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Drivers take part in a rally demanding more job security and livable incomes at Uber and Lyft New York City headquarters on May 8, 2019. (Photo: Johannes Eisele/AFP/Getty Images)

As Drivers Live in Their Cars Due to Poverty Wages, Uber Co-Founder Buys Record-Breaking $72.5 Million Mansion

"This is a perfect example of the one percent stealing from the rest of us."

Jake Johnson

As rideshare drivers across the U.S. and around the world continue to struggle for decent wages, benefits, and the basic right to organize, Uber co-founder Garrett Camp reportedly purchased a Beverly Hills mansion for a record-breaking $72.5 million.

"It's a slap in everyone's face. The capitalist system we have has unduly rewarded him with extraordinary, in-your-face wealth."
—Veena Dubal, University of California, Hastings
Uber drivers, many of whom are homeless due to the $82-billion company's notoriously low rates, reacted to the Camp's purchase with outrage, describing it as a striking encapsulation of how the wealthiest Americans live in luxury on the backs of exploited workers.

"This is a perfect example of the one percent stealing from the rest of us," Nicole Moore, a ride-share driver in Los Angeles, told The Guardian in an interview. "Drivers are living in their cars. We're fighting for fair wages. At least share that wealth with the people who have actually built your company."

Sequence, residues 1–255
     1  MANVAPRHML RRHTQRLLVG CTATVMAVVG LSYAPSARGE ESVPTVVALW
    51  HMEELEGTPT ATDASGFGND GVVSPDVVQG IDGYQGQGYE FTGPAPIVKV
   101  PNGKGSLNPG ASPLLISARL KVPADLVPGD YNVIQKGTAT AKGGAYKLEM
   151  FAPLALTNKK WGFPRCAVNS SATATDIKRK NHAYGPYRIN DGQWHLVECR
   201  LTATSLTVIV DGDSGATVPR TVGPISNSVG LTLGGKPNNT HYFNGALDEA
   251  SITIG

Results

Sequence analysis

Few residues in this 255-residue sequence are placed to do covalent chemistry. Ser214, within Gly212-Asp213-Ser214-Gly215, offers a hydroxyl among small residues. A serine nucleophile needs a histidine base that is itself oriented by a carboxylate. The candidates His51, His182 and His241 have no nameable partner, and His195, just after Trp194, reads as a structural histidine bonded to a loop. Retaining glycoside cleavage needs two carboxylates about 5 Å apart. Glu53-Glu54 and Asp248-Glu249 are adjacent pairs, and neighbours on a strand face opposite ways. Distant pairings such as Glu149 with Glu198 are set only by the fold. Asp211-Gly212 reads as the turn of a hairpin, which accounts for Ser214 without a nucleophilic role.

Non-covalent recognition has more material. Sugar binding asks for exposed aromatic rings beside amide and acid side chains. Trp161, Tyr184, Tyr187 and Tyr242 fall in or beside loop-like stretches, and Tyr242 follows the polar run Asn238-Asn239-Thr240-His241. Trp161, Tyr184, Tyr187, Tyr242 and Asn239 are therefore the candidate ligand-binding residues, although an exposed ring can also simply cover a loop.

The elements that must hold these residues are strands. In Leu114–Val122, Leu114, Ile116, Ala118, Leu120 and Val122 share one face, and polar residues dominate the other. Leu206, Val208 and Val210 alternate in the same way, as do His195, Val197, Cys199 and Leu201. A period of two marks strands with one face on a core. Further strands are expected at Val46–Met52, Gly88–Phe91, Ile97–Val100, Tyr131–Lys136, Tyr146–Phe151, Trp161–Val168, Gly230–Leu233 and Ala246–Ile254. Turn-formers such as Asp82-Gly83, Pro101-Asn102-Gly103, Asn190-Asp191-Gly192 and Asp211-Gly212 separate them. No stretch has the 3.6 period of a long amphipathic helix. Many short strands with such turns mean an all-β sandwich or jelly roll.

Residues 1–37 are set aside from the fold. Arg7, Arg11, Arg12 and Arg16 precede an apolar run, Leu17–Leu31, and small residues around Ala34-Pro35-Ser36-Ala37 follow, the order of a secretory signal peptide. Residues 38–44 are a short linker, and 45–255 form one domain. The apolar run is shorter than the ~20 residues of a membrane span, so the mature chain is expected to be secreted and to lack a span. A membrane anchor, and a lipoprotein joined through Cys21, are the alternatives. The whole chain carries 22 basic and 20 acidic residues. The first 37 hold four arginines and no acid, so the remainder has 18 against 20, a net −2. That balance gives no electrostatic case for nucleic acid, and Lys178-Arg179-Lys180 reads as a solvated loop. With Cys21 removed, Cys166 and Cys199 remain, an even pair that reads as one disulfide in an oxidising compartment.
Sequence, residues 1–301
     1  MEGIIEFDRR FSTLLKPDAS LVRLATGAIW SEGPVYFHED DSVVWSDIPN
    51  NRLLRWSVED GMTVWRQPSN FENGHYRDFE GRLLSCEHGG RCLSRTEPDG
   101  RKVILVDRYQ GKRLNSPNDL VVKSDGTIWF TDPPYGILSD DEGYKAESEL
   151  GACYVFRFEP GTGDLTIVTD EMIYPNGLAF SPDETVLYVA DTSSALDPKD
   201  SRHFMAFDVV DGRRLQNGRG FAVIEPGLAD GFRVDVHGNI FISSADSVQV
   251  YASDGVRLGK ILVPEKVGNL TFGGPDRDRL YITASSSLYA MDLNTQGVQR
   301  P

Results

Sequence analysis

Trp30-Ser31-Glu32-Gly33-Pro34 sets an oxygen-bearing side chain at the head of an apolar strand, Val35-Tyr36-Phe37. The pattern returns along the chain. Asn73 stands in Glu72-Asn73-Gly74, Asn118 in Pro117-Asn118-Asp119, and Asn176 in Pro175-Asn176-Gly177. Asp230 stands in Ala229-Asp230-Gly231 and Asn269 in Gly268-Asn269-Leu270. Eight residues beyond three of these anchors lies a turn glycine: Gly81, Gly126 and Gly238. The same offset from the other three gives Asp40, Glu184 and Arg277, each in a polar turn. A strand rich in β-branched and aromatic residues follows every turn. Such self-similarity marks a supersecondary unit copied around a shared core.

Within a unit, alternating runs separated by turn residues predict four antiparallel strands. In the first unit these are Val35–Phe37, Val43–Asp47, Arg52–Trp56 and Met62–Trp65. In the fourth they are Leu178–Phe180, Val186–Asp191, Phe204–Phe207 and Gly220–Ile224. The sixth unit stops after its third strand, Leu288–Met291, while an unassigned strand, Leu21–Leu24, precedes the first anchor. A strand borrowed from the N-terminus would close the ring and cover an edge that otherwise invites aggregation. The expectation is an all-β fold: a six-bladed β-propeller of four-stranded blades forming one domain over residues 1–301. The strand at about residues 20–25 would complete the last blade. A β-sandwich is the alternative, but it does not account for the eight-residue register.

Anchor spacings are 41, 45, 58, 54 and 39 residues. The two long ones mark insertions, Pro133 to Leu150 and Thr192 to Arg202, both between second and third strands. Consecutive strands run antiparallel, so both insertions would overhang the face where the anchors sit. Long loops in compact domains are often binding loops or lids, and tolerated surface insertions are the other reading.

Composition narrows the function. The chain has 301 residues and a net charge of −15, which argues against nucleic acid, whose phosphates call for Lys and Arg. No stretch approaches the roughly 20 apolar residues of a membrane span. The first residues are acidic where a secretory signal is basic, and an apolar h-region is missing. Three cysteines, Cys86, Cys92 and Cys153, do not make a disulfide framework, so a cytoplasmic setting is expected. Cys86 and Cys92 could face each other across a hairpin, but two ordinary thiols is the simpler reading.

Uber driver and labor organizer Karim Bayumi said Camp's mansion was purchased with "our hard-earned money that they are unjustly taking from us."

"It's exploitation," Bayumi said.

Camp's "residential splurge," first reported Monday by Variety, comes just weeks after Uber and Lyft workers across the globe went on strike in May to protest poverty wages ahead of Uber's stock market debut.

As Common Dreams reported at the time, President Donald Trump's National Labor Relations Board gave Uber a boost shortly after its public market debut by ruling that the company's drivers are independent contractors and not entitled to the organizing rights of traditional employees.

Veena Dubal, an associate professor of employment law at the University of California, Hastings, told The Guardian on Tuesday that Uber became an immensely powerful company by evading labor laws and mistreating workers.

"It's a slap in everyone's face," Dubal said of Camp's mansion purchase, which comes in the midst of a homelessness crisis in Los Angeles. "The capitalist system we have has unduly rewarded him with extraordinary, in-your-face wealth.... This amount of money could change people's lives."


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